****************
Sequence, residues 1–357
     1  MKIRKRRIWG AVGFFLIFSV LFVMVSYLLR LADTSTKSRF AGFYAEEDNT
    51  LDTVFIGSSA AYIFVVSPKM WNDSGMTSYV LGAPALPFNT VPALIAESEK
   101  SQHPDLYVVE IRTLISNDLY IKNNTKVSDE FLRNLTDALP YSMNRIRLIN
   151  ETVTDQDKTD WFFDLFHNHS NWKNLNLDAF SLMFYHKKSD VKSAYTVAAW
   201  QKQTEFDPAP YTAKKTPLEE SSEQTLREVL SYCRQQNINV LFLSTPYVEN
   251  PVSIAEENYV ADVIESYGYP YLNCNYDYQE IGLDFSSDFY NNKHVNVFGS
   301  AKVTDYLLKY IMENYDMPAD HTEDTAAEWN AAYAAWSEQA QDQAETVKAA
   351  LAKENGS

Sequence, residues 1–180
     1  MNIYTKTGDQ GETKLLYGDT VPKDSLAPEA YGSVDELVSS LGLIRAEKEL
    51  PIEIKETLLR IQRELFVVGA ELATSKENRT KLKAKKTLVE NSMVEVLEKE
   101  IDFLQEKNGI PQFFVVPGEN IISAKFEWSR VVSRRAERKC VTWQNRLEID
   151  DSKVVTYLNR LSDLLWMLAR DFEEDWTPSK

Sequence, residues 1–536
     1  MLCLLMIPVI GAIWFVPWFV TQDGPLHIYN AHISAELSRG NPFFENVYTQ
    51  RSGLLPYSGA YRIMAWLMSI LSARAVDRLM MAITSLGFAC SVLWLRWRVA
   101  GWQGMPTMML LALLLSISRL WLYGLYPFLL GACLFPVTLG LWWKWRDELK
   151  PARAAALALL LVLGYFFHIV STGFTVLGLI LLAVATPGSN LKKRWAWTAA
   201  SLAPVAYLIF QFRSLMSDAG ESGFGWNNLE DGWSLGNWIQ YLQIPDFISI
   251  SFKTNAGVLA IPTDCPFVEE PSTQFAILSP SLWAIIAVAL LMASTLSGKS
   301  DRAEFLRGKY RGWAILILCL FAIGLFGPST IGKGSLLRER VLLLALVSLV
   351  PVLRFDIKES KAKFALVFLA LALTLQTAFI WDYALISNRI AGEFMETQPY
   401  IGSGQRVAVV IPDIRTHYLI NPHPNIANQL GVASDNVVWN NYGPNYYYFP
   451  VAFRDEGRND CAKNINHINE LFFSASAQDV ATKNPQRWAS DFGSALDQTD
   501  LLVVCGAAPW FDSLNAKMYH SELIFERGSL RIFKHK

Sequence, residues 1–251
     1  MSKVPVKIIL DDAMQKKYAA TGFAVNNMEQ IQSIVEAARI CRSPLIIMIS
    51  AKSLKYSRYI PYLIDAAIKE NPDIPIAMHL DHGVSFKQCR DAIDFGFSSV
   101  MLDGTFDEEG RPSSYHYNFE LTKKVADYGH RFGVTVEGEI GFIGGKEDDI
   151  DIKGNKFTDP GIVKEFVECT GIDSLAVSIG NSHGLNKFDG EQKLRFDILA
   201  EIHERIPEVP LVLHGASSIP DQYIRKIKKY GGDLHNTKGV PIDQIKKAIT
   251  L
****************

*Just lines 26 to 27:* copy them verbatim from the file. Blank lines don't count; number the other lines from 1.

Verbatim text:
   501  LLVVCGAAPW FDSLNAKMYH SELIFERGSL RIFKHK

Sequence, residues 1–251